• PPWS / BCHM 5344: Molecular Biology for the Life Sciences
  • PPWS 5534: Advanced Plant Physiology and Metabolism II

Associate Professor | 2016-present
Virginia Polytechnic Institute and State University, Blacksburg, Va.

Assistant Professor | 2009-2016
Virginia Polytechnic Institute and State University, Blacksburg, Va.

Postdoctoral Research Associate | 2007-2009
Carnegie Institution for Science, Stanford, Ca.

Postdoctoral Research Associate | 2005-2006
IZMB, Bonn, Germany.

Postdoctoral Fellow | 2002-2004
ZMBP, Tuebingen, Germany

Research Scientist | 2000-2001
Aventis CropScience, RTP, NC.

Graduate Student | 1996-1999 
INRA Montpellier, Montpellier, France.

  • 2002 European Molecular Biology Organisation (EMBO)
  • Postdoctoral Fellowship (2 years)
  1. Sonawala, U., Dinkeloo K., Danna C.H., McDowell J.M., Pilot G. 2018. Review: Functional linkages between amino acid transporters and plant responses to pathogens. Plant Science. 277: 79-88.
  2. Besnard J., Zhao C., Avice J.C., Vitha S., Hyodo A., Pilot G., Okumoto S. 2018. Arabidopsis UMAMIT24 and 25 are amino acid exporters involved in seed loading. Journal of Experimental Botany 69: 5221-5232.
  3. Dinkeloo K., Boyd S., Pilot G. 2018. Update on amino acid transporter functions and on possible amino acid sensing mechanisms in plants. Seminars in Cell & Developmental Biology. 74: 105-113.
  4. Redekar, N., Pilot G., Raboy V., Li S., Saghai-Maroof M.A. 2017. Inference of transcription regulatory network in low phytic acid soybean seeds. Frontiers in Plant Science. 8: 2029.
  5. Lynch J.H., Orlova I., Zhao C., Guo L., Jaini R., Maeda H., Akhtar T., Cruz-Lebron J., Rhodes D., Morgan J., Pilot G., Pichersky E., Dudareva N. 2017. Multifaceted plant responses to circumvent Phe hyperaccumulation by downregulation of flux through the shikimate pathway and by vacuolar Phe sequestration. The Plant Journal. 92: 939–950.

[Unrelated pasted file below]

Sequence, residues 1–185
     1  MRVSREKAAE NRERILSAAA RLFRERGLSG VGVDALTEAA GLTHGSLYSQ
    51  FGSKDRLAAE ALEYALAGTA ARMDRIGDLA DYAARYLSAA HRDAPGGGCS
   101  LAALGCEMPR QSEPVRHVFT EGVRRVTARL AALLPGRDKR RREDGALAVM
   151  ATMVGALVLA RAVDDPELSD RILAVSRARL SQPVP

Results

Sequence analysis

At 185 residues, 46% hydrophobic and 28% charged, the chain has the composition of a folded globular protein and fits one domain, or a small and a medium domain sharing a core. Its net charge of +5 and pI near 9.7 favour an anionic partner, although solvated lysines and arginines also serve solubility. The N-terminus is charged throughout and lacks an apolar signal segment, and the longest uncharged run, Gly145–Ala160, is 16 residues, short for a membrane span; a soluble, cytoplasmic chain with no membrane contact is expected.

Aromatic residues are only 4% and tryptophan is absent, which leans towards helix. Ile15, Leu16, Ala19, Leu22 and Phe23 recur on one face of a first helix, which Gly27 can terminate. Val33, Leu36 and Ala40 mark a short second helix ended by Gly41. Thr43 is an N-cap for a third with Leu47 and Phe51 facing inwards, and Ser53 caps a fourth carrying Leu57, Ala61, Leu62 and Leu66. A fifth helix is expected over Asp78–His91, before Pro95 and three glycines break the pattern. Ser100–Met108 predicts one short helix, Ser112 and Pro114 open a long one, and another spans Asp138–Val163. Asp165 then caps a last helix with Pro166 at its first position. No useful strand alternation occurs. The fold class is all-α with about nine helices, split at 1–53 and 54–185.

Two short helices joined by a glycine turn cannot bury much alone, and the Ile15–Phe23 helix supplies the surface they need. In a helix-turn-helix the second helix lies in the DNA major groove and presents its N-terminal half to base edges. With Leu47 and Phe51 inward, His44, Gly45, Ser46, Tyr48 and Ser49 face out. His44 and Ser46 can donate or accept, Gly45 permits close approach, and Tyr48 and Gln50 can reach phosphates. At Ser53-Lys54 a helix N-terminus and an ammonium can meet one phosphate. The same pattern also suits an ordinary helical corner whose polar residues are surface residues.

6. Murphree C.A., Dums J.T., Jain S.K., Zhao C., Young D.Y., Khoshnoodi N., Tikunov A., Macdonald J., Pilot G., Sederoff H. 2017. Amino acids are an ineffective fertilizer for Dunaliella spp. growth, Frontiers in Plant Science. 8: 847.
  7. Guerra D., Chapiro S.M., Pratelli R., Yu S., Jia W., Leary J., Pilot G., Callis J. 2017. Control of amino acid homeostasis by a ubiquitin ligase-coactivator protein complex. The Journal of Biological Chemistry. 292: 3827-3840.
  8. Besnard J., Pratelli R., Zhao C., Sonawala U., Collakova E., Pilot G., Okumoto S. 2016. UMAMIT14 is an amino acid exporter involved in phloem unloading in Arabidopsis roots. Journal of Experimental Botany. 67: 6385-6397.
  9. Jones A.M., Xuan Y., Xu M., Wang R.S., Ho C.H., Lalonde S., You C.H., Sardi M.I., Parsa S.A., Smith-Valle E., Su T., Frazer K.A., Pilot G., Pratelli R., Grossmann G., Acharya B.R., Hu H.C., Engineer C., Villiers F., Ju C., Takeda K., Su Z., Dong Q., Assmann S.M., Chen J., Kwak J.M., Schroeder J.I., Albert R., Rhee S.Y., and Frommer W.B. 2014. Border control - a membrane-linked interactome of Arabidopsis. Science, 344:711-716.
  10. Pratelli R., Guerra D.D., Yu S., Wogulis M., Kraft E., Frommer W.B., Callis J. and Pilot G. 2012. The ubiquitin E3 ligase LOSS OF GDU2 is required for GLUTAMINE DUMPER1-induced amino acid secretion in Arabidopsis. Plant Physiology. 158: 1628-1642.
  11. Liu G., Ji .Y, Bhuiyan N.H., Pilot G., Selvaraj G., Zou J. and Wei Y. 2010 Amino Acid Homeostasis Modulates Salicylic Acid-Associated Redox Status and Defense Responses in Arabidopsis. The Plant Cell. 22: 3845-3863.
  12. Pratelli R., Voll L., Horst R., Frommer W.-B. and Pilot G. 2010. Stimulation of non-selective amino acid export by Glutamine Dumper proteins. Plant Physiology, 152: 762-773.
  13. Pilot G., Stransky H., Bushey D.F., Pratelli R., Ludewig U., Wingate V.P., and Frommer W.B. 2004. Overexpression of GLUTAMINE DUMPER1 leads to hypersecretion of glutamine from Hydathodes of Arabidopsis leaves. The Plant Cell, 16:1827-1840.
  14. Mouline K., Véry A.A., Gaymard F., Boucherez J., Pilot G., Devic M., Bouchez D., Thibaud J.B., and Sentenac H. 2002. Pollen tube development and competitive ability are impaired by disruption of a Shaker K+ channel in Arabidopsis. Genes & Development, 16:339-350.
  15. Gaymard F.*, Pilot G.*, Lacombe B., Bouchez B., Bruneau D., Boucherez J., Michaux-Ferrière N., Thibaud J.-B., and Sentenac H. 1998. Identification and disruption of a plant Shaker-like outward channel involved in K+ release into the xylem sap. Cell, 94:647-655.

Research Community Memberships